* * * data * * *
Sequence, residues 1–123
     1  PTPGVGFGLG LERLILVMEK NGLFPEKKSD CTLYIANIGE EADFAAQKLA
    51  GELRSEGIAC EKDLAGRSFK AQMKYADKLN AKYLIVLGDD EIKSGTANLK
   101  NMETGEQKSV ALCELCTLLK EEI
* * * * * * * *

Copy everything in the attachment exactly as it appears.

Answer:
Sequence, residues 1–123
     1  PTPGVGFGLG LERLILVMEK NGLFPEKKSD CTLYIANIGE EADFAAQKLA
    51  GELRSEGIAC EKDLAGRSFK AQMKYADKLN AKYLIVLGDD EIKSGTANLK
   101  NMETGEQKSV ALCELCTLLK EEI